The Champions league is a fine competition, there’s no denying it, even if it doesn’t really get going until after Christmas. UEFA’s second tier tournament, the Europa League might, having been rejigged, produce some good quality football too, who can say? However, the simple fact is that European competition is not what it once was. Whatever happened to a simple European knockout cup competition that pitted the champions of each country against each other?

One tournament that is sorely missed by many is the Cup Winners Cup. The European competition chiefly for domestic cup winners produced some great moments over its lifespan: Arsenal winning against Parma and then losing it the next year after headline writers worldwide groaned with joy as Nayim lobbed goalkeeper David Seaman from fifty yards; or the smile on Gianfranco Zola’s face as he lifted the trophy for Chelsea, having scored the winner in the final; or a young Ronaldo helping Sir Bobby Robson to take the cup back to Barcelona.

This was European football as it should be and Inside Futbol take this opportunity to revisit the reigning UEFA Cup Winners Cup champions who held onto the title when the tournament was finally dissolved in May 1999. Lazio won that day, too strong for a Real Mallorca side under the care of manager Hector Cuper.

Christian Vieri looped a header over the Mallorca keeper to put the Italians ahead early on at Villa Park, where the final was staged, before Dani latched onto a cross from Jovan Stankovic and levelled for the Spaniards. So it remained for another 70 minutes until Pavel Nedved produced a fine volley from the egde of the area, sending his shot screaming into the corner of the net. As it rippled, Lazio etched their name on the trophy for eternity.

This may have been the year of Manchester United’s famous treble, but this Lazio team managed to beat them in the European Super Cup a few months later. So…Where are they now?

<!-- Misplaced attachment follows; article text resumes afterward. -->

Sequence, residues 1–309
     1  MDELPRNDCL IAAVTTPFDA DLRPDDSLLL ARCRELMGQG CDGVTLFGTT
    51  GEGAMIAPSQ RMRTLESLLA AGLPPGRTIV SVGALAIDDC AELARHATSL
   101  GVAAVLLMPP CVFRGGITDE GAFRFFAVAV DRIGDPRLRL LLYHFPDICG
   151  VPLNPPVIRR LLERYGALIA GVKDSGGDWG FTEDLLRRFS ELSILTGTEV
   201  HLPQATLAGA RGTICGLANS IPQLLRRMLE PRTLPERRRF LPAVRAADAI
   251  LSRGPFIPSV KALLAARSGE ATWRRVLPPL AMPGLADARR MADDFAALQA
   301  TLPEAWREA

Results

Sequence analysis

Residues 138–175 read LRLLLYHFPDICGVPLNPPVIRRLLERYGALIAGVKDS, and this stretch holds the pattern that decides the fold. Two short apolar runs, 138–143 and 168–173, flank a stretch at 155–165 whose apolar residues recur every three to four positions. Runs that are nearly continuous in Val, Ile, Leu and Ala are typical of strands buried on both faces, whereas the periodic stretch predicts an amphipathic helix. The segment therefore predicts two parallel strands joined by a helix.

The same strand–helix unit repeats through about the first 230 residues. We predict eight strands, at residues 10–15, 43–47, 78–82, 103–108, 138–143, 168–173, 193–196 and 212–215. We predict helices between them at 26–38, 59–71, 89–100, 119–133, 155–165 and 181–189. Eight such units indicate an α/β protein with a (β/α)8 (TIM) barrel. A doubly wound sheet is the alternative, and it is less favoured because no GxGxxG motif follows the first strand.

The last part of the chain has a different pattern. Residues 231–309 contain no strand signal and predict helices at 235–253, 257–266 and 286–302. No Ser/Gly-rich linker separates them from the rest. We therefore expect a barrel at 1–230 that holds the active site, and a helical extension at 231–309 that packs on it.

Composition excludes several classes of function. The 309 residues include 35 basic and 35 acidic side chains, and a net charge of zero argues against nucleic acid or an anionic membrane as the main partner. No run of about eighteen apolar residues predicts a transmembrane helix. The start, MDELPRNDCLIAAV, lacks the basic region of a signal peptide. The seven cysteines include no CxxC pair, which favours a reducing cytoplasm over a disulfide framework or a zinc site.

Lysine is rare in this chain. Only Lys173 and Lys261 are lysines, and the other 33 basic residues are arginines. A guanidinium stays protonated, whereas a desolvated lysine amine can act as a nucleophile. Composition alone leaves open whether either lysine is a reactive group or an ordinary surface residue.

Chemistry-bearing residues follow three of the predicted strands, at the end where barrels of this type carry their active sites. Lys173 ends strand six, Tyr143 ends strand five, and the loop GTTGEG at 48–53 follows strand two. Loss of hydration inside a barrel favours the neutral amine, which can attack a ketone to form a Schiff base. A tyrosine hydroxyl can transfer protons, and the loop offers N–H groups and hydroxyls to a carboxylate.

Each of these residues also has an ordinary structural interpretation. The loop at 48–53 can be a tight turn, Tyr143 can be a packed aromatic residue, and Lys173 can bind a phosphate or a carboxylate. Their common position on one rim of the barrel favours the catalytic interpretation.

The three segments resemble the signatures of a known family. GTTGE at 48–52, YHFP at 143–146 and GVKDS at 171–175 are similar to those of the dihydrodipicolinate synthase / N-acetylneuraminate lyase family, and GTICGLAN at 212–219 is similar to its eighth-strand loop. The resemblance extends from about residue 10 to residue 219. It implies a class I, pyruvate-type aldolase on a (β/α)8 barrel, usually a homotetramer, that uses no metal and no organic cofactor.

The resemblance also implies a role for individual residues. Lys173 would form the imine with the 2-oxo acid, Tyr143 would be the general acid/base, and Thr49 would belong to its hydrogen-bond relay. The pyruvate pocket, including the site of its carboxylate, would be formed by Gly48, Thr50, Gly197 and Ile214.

The Key Man

Christian Vieri’s goal in this final, a header timed to perfection, was looped over the keeper, leaving the Mallorca man scrambling backwards, the loft of the ball beating him eventually. Born in Bologna before moving to Australia, Vieri’s professional career proper began at Torino. After serving time in Serie B, the striker moved from Atalanta to Juventus; a single pichichi winning season in Spain with Atletico Madrid followed, and then on to Lazio for a then record transfer fee.

Remarkably, Vieri only stayed for one season at the Rome giants before leaving for Inter for another world record fee, winning the Cup Winners Cup on his way out.

After many successful seasons with Inter, spells at AC Milan, Monaco, Atalanta again, Fiorentina and then, finally, Atalanta once more, he retired at the end of the 2008/09 season saying "I don’t want to play anymore and I’m not even tempted to play abroad." Rumours of a return to the game with a second division Brazilian club swirled around in the summer of 2009, yet what would have been a strange move did not materialise.

Very recent photos see Vieri enjoying the sights of New York with friends and having a relaxed lunch, enjoying his retirement and still looking like he has the hunger, if not necessarily for the game.

The Captain

Alessandro Nesta continues to ply his trade at the highest level with AC Milan, only his second club after Lazio; Nesta actually began his time with the Rome club as an academy player. The defender retired from international football after winning the 2006 World Cup, and has seen the Azzurri slide ever since.

His value to Lazio, and their fans, was great and went beyond money. Whilst the club were breaking transfer records to buy Juan Sebastian Veron and Vieri, a financial house of cards was being built and homegrown Nesta’s departure was a financial boon even if it hit hard. On 31st August, 2002, the following desperate hope was posted online: